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What Do Nurses Want?

As the headlines continue to profile the shortages of nurses in Canada, it is sobering to recognize my province has the lowest RN to population ratio in the nation even before the pandemic. The provincial government trumpets that the highest number of new nursing registrations have been processed, but there is denial that the nursing ranks are in dire straits. The fall surge brought headlines; crisis in progress, crisis has happened, staffing shortages, critical care at 200% occupancy. Now this week we’re digesting the plan to increase outpatient surgery capacity in for profit settings in some specific geographical areas. The provincial health card will indicate your eligibility; no one wants to confirm these clinics many have upsell tactics to increase their bottom line.

As I listen to nurses and follow Twitter and LinkedIn the prognosis of nursing is uncertain at best. The vulnerable exit points are the number opting for early retirement and those nurses in the 2-5 year experience range. I admire the younger generation, they are not averse to hard work but they are not going to tolerate massive workloads and insufficient support to ease workloads. There needs to be structures i.e., clinical ladders, career opportunities that balance point of care with teaching, research, and advanced roles such as nurse practitioners, clinical nurse specialists, educators, management and leadership.

Work life balance, we need to apply cutting edge evidence based practices for shift workers, perform a deep dive into the efficacy of 12 hour shifts, and explore the ways continuity of care and having a life can be balanced. Right now our backs are to the wall and operationalization looks very functional–the patients reduced to tasks and efficiencies.

Saying it again; the funding of nursing services needs to be viewed as an investment not an expense, when new beds are announced to be opening in Who Knows Where there needs to be an equal and robust announcement of the staff resources to be invested. A critical care nurse and one ICU bed takes 4.5 Full Time Employees (RNs) to staff that bed. Usually 80% is the 1:1 ratio beds and 20% is the 2:1 ratio beds and flex for unforeseen admits i.e., strokes, in house cardiac arrest. A modern ICU is a dynamic environment with a number of ERs able to bridge critical care patients until ICU is able to receive them. The post-pandemic phase has operationalized diverse and altered staffing models in a number of organizations, what is unknown is the impact on staff morale and patient engagement.

In Ontario, the lack of respect to public sector employees (including nurses) Bill 124, as the courts ruled it was unconstitutional yet the government announced it will appeal the ruling. The premier has led the government as it has underfunded the health care system and daresay contributed to the dire staffing situations that necessitated closing some ERs (especially in smaller communities) and added more wait times for surgical procedures. The unmeasured suffering for citizens waiting for procedures to heal, sustain, or ease suffering is acknowledged by nurses but as mentioned the workload continues to grow and burnout and compassion fatigue are some of the outcomes.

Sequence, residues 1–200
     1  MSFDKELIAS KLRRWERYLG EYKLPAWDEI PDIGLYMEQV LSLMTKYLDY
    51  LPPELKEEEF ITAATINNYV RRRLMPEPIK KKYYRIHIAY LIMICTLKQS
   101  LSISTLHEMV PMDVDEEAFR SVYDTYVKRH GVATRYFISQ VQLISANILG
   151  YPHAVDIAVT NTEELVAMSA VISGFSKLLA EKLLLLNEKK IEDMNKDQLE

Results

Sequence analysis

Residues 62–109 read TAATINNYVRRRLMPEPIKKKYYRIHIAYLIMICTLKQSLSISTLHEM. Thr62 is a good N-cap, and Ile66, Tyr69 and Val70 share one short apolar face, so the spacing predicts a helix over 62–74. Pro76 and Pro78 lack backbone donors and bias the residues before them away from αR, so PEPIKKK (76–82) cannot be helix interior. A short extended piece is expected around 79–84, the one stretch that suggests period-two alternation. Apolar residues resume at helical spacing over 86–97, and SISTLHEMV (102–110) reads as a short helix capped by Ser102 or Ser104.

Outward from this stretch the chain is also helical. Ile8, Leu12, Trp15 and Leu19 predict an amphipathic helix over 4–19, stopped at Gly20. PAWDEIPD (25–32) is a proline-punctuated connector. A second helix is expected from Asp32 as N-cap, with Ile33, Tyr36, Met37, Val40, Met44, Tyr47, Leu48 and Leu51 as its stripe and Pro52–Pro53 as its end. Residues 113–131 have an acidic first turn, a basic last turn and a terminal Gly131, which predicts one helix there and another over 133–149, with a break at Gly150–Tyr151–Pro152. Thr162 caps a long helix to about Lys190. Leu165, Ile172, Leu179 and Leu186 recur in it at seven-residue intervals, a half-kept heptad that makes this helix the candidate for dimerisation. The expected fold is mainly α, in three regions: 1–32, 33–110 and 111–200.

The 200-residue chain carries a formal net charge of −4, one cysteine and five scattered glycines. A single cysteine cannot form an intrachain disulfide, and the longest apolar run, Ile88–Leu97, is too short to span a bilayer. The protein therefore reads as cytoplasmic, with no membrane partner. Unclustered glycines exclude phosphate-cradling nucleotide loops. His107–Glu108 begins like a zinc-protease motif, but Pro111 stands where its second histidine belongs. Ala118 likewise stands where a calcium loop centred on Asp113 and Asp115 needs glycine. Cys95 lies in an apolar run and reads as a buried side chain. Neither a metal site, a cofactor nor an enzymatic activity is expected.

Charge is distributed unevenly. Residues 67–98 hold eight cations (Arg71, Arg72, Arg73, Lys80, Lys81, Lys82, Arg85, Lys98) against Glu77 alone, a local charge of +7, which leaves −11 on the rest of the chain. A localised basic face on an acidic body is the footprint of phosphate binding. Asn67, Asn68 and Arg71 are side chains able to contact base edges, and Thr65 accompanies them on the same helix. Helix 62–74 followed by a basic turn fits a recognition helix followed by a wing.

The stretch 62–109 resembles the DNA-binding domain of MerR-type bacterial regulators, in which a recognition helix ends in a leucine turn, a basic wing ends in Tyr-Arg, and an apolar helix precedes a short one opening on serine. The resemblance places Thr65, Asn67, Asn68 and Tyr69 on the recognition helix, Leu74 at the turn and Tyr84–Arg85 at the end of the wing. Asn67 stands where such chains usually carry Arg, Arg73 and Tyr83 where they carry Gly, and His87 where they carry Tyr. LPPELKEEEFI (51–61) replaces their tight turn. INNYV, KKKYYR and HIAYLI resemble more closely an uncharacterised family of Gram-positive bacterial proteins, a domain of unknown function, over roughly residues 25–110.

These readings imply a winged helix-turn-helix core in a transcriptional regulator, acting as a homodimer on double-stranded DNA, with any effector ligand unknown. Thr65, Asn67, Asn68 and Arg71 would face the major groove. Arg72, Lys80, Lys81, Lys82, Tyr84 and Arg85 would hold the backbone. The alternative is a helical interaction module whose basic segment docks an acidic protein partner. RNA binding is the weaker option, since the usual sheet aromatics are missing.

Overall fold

A panacea is to limit nurse to patient ratios, that is a partial solution as it does not fully capture acuity and complexity. Let’s examine an acute medicine unit (census 20) can be very different on a Monday if there’s 7 discharges, 9 admissions, 10 patients need total care (positioning/continence/feeding/bathing) and Tuesday there are 3 discharges, 1 transfer from ICU (more complex than standard medicine patient) and now it’s 12 patients on total care, a patient is showing signs of an infection, and 3 of the new admissions are high risk for falls and cognitively challenged. If days was mandated as 4:1 there would be 5 nurses, or the model could be 1 Registered Nurse, 3 Registered Practical Nurses and 2 Personal Support Workers. Workload measurement is a multi-faceted algorithm; length of stay, age, morbidity factors, number of medications given, number of interventions i.e., suctioning, dressings (complex), isolation complexity. What is an unknown is missed tasks, assessments, safety issues due to overload of work. The documentation systems can capture some elements but nursing has a subjective element that considers experience, competence, self-awareness and values of resiliency and altruism. How to capture this workload and optimize and sustain patient safety? Stay tuned. Namaste

Categories: Uncategorized

Paula M

Registered Nurse Storyteller, Healer, Scribe, Transformational Leader

3 replies

  1. Exactly! We have to rethink our Nursing plan as to shifts and time off. I agree we have rethink the 12 hr shifts. It is unrealistic to think that Nurses could or should do doubles due to poor staffing. Also this will never be a quick fix so we have to cope with the now we are working in. Status quo is unrealistic! The government must learn to respect what we do and do everything they can to help diminish the problem. Well written. And to the point as to what the solution could be. Now we just need the process to a solution to begin.

  2. I work in a for profit stand alone surgery setting with minimal staff for pre- admission testing (aka screening). Surgeons are pushing to get patients with complex histories in the door for procedure under not just MAC, but also General anesthesia. There are days that just feel so uncomfortable. In this type of setting, the presence of the $ motive and dismissive nature of patients first is so aggravating.

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